If you woke up at 3 a.m. and your house was on fire, how much time do you think you would have to get out safely?

According to the National Fire Protection Association, a nonprofit organization, one-third of American households estimated having at least six minutes to get out of their home before the fire became life threatening.

Unfortunately the time available is often less than six minutes, which is why Fort Belvoir Fire and Emergency Services is teaming up with NFPA during Fire Prevention Week, Oct. 7-13, 2012.

This year's theme is "Have Two Ways Out" which focuses on the importance of having two escape routes from your home in the event of a fire.

"Every bedroom has two ways out, the bedroom door and window," said John Weaver, FES fire marshal. "We encourage people to sleep with the bedroom doors closed because it slows the smoke and fire from coming into the room. So, if you can't get out to the hallway, you know you have the bedroom window to go out of."

For those who live on the second or third floor of an apartment complex or higher, make sure you have an escape ladder. Escape ladders can be found at your local hardware store, and make sure to measure the distance from your window to the ground.

"You don't want to buy a ladder and come up 20 feet short," said Weaver.

In 2011, U.S. fire departments responded to more than 1.3 million fires, according to the NFPA. These fires resulted in more than 3,000 civilian fire fatalities, and 17,500 civilian fire injuries along with an estimated $11 billion in direct property loss. Home fires caused 84 percent of civilian fire deaths.

This is why NFPA and FES are stressing having multiple escape routes from your home.

"Focus on the importance of fire escape planning and practice," said Paul Davis, president of Paul Davis Restoration and Remodeling, who is participating in this year's Fire Prevention Week. "Most important, have two ways out of every room through windows and doors. A fire escape or ladder from window exits is imperative."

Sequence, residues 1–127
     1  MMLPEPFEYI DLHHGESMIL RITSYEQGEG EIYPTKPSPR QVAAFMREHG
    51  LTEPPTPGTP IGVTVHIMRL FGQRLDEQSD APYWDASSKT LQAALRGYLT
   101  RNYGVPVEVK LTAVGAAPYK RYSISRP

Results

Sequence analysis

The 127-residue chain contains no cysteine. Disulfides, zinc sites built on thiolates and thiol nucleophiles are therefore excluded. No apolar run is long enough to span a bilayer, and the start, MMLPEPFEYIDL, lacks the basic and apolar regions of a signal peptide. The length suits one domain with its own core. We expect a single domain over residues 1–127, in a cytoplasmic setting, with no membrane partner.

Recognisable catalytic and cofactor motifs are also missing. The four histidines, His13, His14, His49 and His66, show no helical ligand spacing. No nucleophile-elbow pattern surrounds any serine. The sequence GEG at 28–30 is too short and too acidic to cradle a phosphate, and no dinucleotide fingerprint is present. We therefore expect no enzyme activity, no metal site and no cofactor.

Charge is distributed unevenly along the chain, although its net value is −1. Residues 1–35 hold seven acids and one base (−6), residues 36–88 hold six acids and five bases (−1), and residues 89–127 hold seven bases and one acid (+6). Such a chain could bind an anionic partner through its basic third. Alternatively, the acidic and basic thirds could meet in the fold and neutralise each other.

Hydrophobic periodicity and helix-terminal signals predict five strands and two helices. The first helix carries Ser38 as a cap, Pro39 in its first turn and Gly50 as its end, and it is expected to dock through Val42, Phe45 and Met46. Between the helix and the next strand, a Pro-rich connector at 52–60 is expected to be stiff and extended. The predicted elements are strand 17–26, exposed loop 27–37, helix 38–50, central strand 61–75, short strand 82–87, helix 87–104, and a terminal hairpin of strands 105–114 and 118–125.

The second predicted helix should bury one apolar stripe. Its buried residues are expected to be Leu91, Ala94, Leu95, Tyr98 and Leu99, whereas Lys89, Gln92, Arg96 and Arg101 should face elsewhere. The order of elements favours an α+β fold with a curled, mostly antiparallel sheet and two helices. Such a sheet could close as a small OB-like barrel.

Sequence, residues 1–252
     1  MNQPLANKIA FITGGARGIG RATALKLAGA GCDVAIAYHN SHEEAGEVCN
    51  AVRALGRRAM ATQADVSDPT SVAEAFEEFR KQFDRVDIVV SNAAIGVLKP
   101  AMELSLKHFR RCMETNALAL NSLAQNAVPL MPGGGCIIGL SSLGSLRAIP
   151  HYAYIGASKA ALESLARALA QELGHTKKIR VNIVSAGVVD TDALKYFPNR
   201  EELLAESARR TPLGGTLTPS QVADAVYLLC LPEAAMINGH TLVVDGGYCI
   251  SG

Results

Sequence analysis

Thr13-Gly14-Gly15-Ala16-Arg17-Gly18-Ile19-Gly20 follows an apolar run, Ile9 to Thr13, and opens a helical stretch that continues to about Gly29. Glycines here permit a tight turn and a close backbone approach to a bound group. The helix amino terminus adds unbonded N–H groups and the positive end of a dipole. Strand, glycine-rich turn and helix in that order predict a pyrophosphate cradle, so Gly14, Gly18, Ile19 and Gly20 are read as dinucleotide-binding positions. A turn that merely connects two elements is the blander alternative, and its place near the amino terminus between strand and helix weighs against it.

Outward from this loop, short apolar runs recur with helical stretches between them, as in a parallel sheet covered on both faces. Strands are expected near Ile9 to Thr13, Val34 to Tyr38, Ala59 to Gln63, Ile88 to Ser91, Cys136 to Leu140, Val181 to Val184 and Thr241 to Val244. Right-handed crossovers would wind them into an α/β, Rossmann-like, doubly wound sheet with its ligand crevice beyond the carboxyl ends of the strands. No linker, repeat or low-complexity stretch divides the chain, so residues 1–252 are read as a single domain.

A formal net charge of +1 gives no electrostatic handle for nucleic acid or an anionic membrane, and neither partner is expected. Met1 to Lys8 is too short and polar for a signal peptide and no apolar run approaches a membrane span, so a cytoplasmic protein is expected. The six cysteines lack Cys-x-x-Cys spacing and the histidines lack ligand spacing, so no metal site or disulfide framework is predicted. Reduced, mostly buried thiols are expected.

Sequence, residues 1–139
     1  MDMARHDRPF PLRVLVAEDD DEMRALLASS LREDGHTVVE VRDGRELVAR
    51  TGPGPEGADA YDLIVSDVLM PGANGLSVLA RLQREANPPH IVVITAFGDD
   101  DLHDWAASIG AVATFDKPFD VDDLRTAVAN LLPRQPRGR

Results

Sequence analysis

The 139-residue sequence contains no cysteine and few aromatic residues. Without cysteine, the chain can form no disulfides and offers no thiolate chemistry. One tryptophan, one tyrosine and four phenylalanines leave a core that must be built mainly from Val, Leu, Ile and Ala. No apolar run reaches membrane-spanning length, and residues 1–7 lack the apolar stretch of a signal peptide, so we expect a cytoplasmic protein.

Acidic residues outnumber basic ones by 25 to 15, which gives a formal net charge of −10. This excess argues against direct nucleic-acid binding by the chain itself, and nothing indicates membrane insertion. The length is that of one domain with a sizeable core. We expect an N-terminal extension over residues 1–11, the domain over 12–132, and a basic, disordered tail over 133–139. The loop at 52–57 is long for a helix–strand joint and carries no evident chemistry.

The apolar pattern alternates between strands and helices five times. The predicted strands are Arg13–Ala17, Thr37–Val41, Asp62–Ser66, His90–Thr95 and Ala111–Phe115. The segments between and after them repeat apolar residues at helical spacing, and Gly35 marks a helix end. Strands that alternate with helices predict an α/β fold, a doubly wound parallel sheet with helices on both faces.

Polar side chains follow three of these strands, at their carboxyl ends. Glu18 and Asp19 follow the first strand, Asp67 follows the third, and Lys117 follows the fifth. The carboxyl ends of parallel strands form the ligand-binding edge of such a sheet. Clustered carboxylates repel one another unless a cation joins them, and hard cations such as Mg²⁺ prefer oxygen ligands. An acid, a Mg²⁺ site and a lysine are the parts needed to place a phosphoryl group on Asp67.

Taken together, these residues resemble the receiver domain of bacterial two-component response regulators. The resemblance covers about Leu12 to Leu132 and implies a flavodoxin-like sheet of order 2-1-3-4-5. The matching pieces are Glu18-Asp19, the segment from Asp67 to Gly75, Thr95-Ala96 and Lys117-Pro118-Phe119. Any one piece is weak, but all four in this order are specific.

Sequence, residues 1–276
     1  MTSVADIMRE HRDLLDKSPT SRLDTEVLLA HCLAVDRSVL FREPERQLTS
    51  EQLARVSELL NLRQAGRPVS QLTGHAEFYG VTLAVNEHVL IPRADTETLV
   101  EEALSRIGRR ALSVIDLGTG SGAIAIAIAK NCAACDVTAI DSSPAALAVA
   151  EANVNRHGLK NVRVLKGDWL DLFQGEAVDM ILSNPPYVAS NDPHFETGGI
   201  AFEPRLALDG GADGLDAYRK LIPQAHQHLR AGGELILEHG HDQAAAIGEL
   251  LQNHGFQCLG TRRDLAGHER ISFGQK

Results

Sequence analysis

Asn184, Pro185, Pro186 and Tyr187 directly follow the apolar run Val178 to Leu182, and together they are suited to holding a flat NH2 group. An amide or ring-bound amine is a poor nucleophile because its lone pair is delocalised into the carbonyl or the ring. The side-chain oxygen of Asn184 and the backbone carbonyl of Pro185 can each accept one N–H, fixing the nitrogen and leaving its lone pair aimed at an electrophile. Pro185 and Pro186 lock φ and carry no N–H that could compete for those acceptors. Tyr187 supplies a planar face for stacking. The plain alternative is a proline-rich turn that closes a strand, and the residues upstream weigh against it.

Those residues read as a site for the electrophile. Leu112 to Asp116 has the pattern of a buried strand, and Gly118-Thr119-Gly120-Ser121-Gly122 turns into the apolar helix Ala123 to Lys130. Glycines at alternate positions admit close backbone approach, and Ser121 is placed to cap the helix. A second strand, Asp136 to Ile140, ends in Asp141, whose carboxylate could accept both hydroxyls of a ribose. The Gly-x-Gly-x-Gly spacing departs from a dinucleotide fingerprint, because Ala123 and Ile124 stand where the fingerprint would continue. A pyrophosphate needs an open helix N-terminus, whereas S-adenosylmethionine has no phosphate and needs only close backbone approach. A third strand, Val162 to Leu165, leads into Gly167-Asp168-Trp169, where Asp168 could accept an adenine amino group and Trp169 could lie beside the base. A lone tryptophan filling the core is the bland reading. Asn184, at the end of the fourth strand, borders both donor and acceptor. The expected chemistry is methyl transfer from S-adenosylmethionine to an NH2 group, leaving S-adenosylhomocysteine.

According to Weaver, only one-third of Americans have both developed and practiced a home fire escape plan, and of the three-quarters of Americans who have an escape plan, less than half have practiced their plan.

Weaver suggests Belvoir residents make a map of their home and mark a door and window that can be used to get out of each room. He said choose a meeting place outside, in front of the home, and draw a picture of the meeting place on the escape plan.

Weaver also said Families should sound their smoke alarm and practice their escape drill twice a year while living in a home.

"We want to ensure that our residents know what to do if a fire breaks out in their home," said Weaver. "It is crucial they take steps to prepare their Family for the potential of a home fire by having an escape plan and practicing it."

FES personnel will visit all of the installation Child Development Centers and the elementary school, and will conduct random fire drills in office buildings.

"They'll show them the fire trucks and the stop, drop and role protocol in case you catch on fire," said Weaver. "It makes it easier for us to go to them and show them to not be afraid of the fire department. We're their friends, and we want them to come to us in the event of an emergency."

With winter approaching, Weaver wants residents to check their home heating equipment to make sure it is clean and working properly. Heating equipment was the leading cause of reported home fires in the 1980s and has generally ranked second since then.

"Make sure you change your filters monthly," said Weaver. "Have a professional come in and make sure the system is working properly and the heat exchange is working properly. If you have a poor heat exchange, then you will have carbon monoxide come into the home."

For more information on fire prevention week, contact John Weaver, FES fire marshal at (703) 805-2091.

Page last updated Fri October 12th, 2012 at 11:30